North Cowichan neighbours oppose mine permit for farm cistern dig

While neighbours are expressing concerns about a proposed rock quarry on a Richards Trail property, the applicant is insisting that she is just trying to dig a cistern for her farm and needs a mining permit to move forward. Catherine Pastula of Pastula Farms said she has been digging the cistern for three or four years and selling some of the gravel it produces, but because of the amount of gravel she is selling, she has been told by the Municipality of North Cowichan that she requires a quarry permit.

"We are building a water cistern because we need to have water and we’ve been encouraged as a farm to do this," Pastula explained.

Pastula said that she doesn’t sell all the gravel that results, and that she has only blasted twice in the last year. Despite her application for a quarry permit, there won’t be any additional blasting on her site, nor any increase in hauling.

"Nothing’s going to change," she said.

At the heart of the dispute between Pastula and the neighbours who oppose the permit is the nature of Richards Trail. Pastula says it is a commercial highway, while the Save Richards Trail Committee says it is a quiet rural road that attracts tourists. Committee spokesperson Peter Morris noted that the permit would allow the farm to remove 25,000 tonnes of gravel per year, which, at an estimated 10 or 11 tonnes per dump truck, would drastically increase industrial traffic.

"Richards Trail was never designed for that use," he said.

The trail is very popular with cyclists, Morris noted, adding that he counted no fewer than 100 passing his home last Sunday. He also said that Pastula has no need for a cistern on her property, and that there are already many sand and gravel operations in the Cowichan Valley, and another one just isn’t necessary.

The Save Richards Trail Committee is also concerned about noise from blasting, which the permit would allow to run every day between 8 a.m. and 4 p.m., the possible impact on the aquifer and the Somenos watershed, the decrease of property values, and the destruction of the Richards Mountain landscape.

The committee will present a petition to North Cowichan council next Wednesday, and will ask the municipality to oppose the permit application, which is before the Ministry of Energy and Mines. "It’s not a safe thing to have here," Morris said. "It’s not a bonus for the environment or eco-tourism."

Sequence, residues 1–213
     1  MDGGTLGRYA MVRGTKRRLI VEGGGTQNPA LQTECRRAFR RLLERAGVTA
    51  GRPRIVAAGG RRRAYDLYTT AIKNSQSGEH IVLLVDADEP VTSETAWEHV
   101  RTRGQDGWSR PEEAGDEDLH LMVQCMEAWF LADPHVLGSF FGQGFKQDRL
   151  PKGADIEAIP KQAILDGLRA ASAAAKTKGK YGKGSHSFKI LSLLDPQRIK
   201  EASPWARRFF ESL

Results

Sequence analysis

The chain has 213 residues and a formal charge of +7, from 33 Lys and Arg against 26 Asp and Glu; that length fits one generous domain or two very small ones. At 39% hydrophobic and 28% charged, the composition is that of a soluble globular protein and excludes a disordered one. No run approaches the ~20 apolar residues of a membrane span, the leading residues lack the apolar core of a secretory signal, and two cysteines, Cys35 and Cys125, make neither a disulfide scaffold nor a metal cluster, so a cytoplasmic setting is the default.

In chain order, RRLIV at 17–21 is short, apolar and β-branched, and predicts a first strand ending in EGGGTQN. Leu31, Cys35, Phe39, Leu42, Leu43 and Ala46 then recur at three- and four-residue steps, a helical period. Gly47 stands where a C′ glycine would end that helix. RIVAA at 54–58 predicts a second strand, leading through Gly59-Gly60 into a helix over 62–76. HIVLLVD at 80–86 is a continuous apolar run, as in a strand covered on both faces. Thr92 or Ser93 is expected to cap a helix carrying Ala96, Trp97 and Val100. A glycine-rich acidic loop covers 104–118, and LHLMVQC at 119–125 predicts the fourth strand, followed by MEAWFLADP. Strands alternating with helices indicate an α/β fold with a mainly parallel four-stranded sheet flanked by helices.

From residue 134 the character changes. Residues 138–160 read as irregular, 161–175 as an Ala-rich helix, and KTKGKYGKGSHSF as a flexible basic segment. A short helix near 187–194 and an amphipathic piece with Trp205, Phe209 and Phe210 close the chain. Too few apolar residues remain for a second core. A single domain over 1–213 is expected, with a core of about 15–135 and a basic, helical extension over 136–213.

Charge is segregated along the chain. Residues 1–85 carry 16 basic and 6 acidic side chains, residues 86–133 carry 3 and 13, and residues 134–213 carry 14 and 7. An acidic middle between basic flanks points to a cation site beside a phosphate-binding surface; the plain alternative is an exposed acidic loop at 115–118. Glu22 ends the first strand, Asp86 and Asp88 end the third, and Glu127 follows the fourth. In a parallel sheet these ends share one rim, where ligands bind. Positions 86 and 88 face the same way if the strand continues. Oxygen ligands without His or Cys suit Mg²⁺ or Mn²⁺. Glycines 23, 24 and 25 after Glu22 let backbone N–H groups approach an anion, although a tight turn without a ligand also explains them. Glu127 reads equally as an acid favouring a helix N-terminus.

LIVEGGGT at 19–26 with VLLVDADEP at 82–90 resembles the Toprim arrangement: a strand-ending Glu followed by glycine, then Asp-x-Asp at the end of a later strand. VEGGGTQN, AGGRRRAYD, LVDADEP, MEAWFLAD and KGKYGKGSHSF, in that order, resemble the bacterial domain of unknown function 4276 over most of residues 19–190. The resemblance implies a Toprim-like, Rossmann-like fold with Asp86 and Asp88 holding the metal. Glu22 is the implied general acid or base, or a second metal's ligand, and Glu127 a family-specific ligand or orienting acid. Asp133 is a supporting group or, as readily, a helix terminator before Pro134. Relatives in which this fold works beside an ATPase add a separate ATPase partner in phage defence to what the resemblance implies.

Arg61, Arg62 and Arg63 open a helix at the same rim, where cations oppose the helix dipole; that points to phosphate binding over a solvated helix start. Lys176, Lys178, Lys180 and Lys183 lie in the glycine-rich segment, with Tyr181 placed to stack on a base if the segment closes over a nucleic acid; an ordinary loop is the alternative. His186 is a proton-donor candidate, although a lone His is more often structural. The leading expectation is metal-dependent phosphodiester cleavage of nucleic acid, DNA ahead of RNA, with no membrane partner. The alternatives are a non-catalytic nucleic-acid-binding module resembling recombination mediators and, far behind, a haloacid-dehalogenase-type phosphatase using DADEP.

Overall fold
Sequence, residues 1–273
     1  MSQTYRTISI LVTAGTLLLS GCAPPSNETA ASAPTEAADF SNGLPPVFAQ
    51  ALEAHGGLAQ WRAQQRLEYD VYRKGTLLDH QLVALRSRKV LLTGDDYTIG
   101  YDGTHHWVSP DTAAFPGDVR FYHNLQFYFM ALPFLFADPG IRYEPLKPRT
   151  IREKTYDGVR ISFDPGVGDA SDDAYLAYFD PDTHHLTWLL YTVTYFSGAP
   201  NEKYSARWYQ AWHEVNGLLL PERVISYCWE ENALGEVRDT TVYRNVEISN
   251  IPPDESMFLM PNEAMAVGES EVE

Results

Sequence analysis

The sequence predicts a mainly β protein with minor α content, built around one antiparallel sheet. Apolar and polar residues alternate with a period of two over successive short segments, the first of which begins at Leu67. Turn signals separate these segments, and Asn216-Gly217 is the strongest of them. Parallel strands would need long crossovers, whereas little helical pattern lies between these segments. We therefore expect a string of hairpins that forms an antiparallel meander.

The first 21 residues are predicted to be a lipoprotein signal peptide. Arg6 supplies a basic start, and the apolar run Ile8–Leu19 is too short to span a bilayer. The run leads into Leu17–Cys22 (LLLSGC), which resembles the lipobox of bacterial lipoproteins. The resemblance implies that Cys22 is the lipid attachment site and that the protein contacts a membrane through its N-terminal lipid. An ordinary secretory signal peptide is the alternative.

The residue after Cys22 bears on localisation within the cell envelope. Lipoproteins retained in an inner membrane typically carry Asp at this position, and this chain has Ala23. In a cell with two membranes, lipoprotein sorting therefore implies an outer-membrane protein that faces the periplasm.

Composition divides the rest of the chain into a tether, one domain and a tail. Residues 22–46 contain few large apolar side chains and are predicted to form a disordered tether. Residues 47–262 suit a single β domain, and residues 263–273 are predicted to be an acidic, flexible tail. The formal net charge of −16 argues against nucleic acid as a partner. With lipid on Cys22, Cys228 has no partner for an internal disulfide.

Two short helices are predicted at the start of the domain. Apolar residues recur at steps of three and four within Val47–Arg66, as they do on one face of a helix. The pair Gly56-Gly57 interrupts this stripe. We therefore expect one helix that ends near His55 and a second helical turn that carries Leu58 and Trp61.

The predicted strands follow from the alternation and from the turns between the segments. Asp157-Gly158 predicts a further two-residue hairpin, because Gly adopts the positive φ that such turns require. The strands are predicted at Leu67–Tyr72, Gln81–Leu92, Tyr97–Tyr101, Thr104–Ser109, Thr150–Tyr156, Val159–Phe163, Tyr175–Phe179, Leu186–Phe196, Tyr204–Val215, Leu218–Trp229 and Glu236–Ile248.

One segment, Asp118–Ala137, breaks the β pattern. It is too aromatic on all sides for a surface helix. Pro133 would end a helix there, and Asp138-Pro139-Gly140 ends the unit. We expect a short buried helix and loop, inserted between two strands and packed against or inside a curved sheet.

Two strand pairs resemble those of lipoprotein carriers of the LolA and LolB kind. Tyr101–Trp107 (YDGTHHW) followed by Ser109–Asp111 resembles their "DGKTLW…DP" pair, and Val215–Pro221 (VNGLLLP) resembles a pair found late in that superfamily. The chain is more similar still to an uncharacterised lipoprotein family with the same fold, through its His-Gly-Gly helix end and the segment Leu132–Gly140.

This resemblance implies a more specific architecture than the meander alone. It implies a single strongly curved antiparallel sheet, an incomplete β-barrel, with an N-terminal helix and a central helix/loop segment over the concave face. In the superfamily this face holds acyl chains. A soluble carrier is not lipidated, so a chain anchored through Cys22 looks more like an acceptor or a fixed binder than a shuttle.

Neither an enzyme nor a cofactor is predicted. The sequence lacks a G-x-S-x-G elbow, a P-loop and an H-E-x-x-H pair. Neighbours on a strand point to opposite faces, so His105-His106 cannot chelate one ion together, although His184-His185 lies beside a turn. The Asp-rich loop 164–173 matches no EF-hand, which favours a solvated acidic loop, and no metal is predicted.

Pastula countered that Richards Trail was an agricultural area long before any of the opposed residents bought property there, and that the cistern is a necessary part of running her farm.

"They moved here after the fact," she said. "Why do you move into a farm area when you don’t want to live beside a farm?"

Get local stories you won't find anywhere else right to your inbox.
Sign up here

Just Posted

Belle from ‘Beauty and the Beast’ entertains home-bound kids in Cowichan Bay

Alora Killam, 16, played the part in musical two years ago

Task force created to address food security in Cowichan Valley during COVID-19 disruptions

Emergency Food Access Task Force brings several organizations together

UPDATED: Crash snarls early morning Malahat traffic

Incident backed up commuters near Okotoks Drive

‘We will get through this’: B.C. sees new COVID-19 death, but 57% have recovered

A total of 1,066 people have tested positive for the novel coronavirus

List of cancelled Cowichan Valley community events

An ongoing list of events that have been cancelled in the Cowichan Valley due to COVID-19

Association launches French-language games, online tools for families learning at home

Games, culture and vocabulary included in new virtual resources

‘There can be no ambiguity’: Travellers brought home to B.C. must self-isolate

Health Minister Adrian Dix had sharp words for those arriving from overseas abiding by federal law

55+ BC Games cancelled amid COVID-19 concerns

Greater Victoria set to host 2021 event

BC Hydro offers three-month bill ‘holiday’ for those affected by COVID-19

Industrial customers can defer half of their power bills

Some April Fool’s Day jokes bring much-needed laughter; others tone deaf to COVID-19

Police are warning the public not to use the ongoing pandemic as a punchline

Canada’s 75% wage subsidy is coming, but not for several weeks: finance minister

Subsidy will cost Canada $71 billion, but push down cost of emergency benefit, Morneau said

Call before you dig into spring projects during isolation: BC 1 Call

BC 1 Call gives free checks for utilities in the area of a desired outdoor project

Most Read